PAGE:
In her Closing Night keynote at the 2017 Sloan Film Summit, producer Lydia Dean Pilcher—whose credits include The Darljeeling Limited, The Lunchbox and the upcoming Sloan-supported historical drama Radium Girls—noted that, for her, the imbalance between men and women working in the arts and sciences had largely seemed a thing of the past.
After all, women had directed fully half of the movies she’d produced over the course of her career. But reflecting back on the challenges of pitching and selling female-driven content, Pilcher realized that the prejudices around the hiring of women and the telling of female stories was, unfortunately, still alive and thriving.
Along with several other female producers, Pilcher formed the PGA Women’s Impact Network in an effort to level out this gender imbalance. “A lot of women are being deflected out of career tracks because most people don’t want to pick a path that is harder than it needs to be. Most people want to enjoy their life.”
And after reading what powerful female scientists have found after studying the topic, she agreed—based on her own personal experience—that such biases are 100% cultural.
Pilcher has also been surprised to discover that women themselves are not immune to this anti-female bias. The Bechdel Test—introduced to pop culture in 1985 via Alison Bechdel’s comic Dykes to Watch Out For—is the lowest possible bar for detecting stereotypes in female characters. In order to “pass,” the test, a film or TV show must A) include at least two female characters, who B) talk to each, about C) something other than a man. Looking back on her own filmography, Pilcher discovered two titles that failed to meet that standard.
Posing an old riddle to her friends and colleagues in New York, Pilcher found she was not alone in falling victim to such hardwired gender biases. The riddle: “A father and son are in a car accident. The father is killed, and the son is rushed to the hospital. The surgeon looks at the boy and said, ‘I can’t operate, he’s my son. Why?” The gamut of head-scratching explanations for this result was surprising—was he adopted? Kidnapped? Isn’t the father dead, after all?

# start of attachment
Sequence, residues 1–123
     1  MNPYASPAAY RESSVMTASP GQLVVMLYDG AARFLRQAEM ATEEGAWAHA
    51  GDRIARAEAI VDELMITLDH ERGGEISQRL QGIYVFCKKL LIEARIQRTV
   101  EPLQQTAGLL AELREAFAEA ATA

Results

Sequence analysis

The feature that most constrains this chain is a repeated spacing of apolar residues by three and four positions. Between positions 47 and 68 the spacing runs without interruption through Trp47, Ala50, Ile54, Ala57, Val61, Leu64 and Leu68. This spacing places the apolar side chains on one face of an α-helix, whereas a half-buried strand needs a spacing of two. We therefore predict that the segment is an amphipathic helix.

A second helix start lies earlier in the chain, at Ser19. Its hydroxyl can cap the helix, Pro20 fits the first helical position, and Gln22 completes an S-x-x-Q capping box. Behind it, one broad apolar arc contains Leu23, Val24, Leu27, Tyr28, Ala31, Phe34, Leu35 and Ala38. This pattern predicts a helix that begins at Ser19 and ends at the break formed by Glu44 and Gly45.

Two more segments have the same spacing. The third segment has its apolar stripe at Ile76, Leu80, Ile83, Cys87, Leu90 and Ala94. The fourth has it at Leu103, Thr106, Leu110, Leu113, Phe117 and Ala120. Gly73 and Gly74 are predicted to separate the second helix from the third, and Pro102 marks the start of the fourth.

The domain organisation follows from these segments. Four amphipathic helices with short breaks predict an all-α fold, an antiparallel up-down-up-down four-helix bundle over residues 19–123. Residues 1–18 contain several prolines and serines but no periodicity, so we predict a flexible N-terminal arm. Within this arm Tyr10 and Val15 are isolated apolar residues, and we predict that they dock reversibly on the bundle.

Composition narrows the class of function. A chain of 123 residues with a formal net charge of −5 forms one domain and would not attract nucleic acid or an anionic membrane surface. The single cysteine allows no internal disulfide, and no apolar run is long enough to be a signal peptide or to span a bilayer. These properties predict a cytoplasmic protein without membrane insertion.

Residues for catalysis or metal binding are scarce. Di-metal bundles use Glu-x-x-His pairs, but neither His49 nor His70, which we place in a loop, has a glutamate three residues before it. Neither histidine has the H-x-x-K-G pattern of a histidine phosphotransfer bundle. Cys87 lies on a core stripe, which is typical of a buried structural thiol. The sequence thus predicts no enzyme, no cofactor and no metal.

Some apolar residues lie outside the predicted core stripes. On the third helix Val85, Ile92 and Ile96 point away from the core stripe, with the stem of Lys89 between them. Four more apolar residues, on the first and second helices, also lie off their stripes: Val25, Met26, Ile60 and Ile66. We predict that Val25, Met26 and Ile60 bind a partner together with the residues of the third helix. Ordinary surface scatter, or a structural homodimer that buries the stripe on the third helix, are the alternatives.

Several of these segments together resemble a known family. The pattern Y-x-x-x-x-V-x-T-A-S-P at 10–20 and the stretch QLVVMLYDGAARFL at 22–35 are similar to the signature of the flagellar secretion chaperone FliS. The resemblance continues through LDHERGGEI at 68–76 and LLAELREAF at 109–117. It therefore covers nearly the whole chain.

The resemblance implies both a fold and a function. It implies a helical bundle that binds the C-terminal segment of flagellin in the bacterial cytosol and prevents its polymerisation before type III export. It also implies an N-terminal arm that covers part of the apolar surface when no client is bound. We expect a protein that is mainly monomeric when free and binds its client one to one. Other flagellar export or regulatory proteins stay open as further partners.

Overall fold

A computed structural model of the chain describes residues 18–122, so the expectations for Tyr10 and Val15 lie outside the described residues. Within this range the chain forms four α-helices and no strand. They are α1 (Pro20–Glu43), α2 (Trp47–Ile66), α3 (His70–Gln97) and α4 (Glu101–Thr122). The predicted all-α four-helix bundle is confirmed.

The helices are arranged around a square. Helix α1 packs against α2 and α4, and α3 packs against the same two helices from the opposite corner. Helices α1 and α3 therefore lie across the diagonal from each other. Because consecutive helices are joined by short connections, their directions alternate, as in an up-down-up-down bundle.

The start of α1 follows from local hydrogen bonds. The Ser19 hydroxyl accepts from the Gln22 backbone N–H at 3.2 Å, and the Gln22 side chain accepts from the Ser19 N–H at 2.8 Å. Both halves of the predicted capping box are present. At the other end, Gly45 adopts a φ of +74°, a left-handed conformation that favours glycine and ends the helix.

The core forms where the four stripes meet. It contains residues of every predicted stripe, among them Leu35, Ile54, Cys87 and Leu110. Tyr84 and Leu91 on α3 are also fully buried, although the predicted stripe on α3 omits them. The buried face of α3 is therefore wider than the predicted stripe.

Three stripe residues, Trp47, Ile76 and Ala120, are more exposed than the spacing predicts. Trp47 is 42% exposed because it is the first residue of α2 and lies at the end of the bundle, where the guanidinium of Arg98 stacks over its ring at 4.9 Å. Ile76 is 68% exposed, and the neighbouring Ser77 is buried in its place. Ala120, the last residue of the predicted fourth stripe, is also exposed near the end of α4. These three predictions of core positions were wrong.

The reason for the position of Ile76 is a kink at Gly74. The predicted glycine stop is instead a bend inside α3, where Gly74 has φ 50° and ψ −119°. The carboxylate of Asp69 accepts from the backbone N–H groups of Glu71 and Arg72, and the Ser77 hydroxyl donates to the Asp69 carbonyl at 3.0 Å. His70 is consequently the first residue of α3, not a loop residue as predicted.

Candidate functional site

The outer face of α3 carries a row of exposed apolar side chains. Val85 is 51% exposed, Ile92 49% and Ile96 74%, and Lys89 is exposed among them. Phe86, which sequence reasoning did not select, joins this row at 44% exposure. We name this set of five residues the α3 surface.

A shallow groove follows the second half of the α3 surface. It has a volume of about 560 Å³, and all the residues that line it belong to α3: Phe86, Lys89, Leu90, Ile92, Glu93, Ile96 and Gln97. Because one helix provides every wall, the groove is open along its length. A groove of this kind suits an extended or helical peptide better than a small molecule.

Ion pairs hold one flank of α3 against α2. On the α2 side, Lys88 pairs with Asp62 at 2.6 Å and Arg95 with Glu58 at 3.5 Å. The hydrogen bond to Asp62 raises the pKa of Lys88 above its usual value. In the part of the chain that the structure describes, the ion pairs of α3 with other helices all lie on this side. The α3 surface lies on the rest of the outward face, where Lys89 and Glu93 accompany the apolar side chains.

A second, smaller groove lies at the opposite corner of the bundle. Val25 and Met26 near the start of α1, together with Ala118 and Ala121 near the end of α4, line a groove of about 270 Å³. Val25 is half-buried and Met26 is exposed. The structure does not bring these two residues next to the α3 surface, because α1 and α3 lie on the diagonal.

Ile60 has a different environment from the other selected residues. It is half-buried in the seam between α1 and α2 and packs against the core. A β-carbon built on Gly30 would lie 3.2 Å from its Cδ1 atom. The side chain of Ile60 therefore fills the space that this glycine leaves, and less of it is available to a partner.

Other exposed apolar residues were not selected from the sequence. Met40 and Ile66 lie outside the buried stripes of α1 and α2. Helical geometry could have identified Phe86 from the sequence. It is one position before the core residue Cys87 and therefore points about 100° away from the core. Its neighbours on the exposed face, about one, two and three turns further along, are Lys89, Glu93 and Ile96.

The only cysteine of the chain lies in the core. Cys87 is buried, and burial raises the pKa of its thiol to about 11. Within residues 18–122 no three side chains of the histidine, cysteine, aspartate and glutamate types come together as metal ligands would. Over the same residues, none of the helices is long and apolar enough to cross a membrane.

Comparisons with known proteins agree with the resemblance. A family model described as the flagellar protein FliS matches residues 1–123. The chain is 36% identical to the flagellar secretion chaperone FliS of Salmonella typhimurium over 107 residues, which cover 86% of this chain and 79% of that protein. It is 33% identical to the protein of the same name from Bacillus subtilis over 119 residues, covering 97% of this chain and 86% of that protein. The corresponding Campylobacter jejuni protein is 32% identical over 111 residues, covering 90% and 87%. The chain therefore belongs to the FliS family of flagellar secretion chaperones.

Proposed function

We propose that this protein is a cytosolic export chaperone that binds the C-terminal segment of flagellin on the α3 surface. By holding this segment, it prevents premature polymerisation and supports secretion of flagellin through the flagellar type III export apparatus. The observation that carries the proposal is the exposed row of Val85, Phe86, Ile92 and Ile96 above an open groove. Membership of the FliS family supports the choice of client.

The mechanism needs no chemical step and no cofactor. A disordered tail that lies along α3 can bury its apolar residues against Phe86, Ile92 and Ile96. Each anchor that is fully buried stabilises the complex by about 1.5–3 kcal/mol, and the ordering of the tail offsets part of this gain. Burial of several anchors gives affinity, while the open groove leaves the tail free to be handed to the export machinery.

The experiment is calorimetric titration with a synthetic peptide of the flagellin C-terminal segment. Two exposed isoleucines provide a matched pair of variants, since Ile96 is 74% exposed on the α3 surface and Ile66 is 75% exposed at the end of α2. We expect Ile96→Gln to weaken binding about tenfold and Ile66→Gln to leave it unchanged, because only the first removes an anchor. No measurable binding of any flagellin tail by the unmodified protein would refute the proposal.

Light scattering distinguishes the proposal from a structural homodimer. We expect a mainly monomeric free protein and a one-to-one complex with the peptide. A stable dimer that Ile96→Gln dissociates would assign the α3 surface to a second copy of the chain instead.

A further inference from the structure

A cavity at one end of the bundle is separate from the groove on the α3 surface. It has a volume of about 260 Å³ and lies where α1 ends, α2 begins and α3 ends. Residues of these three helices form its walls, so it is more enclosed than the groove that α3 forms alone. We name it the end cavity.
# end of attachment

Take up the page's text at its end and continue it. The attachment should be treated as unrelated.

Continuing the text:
The twist answer, of course, is that the surgeon is unable to operate on the boy because she’s his mother. The science behind such gendered thinking is that such biases are unconscious. We can know all the things we’re supposed to know about equality and still run into the cultural preconception that says men are doctors and women are nurses.
Pilcher acknowledged that discomfort: “The world is changing, while the stereotypes are staying the same.” In an effort to help us see our blind spots, the Women’s Impact Network released a document that refutes the typical obstacles to female-driven content—The Ms. Factor Toolkit. Filled with data and practical information, Pilcher recommends filmmakers arm themselves with it when preparing to pitch a female-driven project.
To illustrate the power of advocacy, Pilcher told the story of her 2016 film, Queen of Katwe—directed by Mira Nair and based on the true story of a young girl who became the chess champion of Uganda.
While working on the project with Disney and ESPN, Pilcher felt a cultural tension between the values of the studio she was working with and the heart of the story. The story follows 14-year-old Phiona as she wins the Uganda championship, only to go on to the World Chess Olympia and lose.
“Disney was always trying to figure out how to have a movie where she loses!” Pilcher recalled laughingly. “But it’s a true story. And the thing I always loved from the book [written by Tim Crothers] was this line: ‘It’s really not about winning or losing. It’s about the honor of being at the table. It’s about the honor of playing the game.’ And that is such a beautiful thing—it felt female to me.”
After screening Nair’s cut, Disney execs advised Pilcher to trim the fat and focus the story around David Oyelowo, who plays Phiona’s chess coach. Pilcher gently insisted the story was really about the girl. “I sent them all my stuff from the Ms. Factor Toolkit.” The next step was to put the film in front of focus groups.
As Pilcher listened to the rustling of audience members filling out forms, she felt the room swell with emotion. The scores were through the roof. But Pilcher couldn’t help wondering what might have happened if she hadn’t pushed back: “We never would have known how the movie would have played.”
While the realities of gender bias are sobering, Pilcher remains hopeful. Recognizing the relationship between diverse stories and diverse storytellers, she encouraged writers and directors of unique backgrounds to make films that are important to them. “Ask questions of your characters. Are they multi-faceted? For females, is their ethnicity essential to the story?”—because, she said, even female characters are presumed white unless specified otherwise.
Meanwhile, Pilcher recommended preparing for gender bias in pitch meetings with comps and demos that illustrate the power of female protagonists, directors, writers and producers. “There’s a muscle for inclusivity, and we have to keep working it.”
Watch Pilcher’s entire keynote below or on our YouTube channel:
The 2017 Sloan Film Summit took place October 27-29 at the Japanese American National Museum in Downtown Los Angeles. For more information about the Alfred P. Sloan Foundation, visit sloan.org.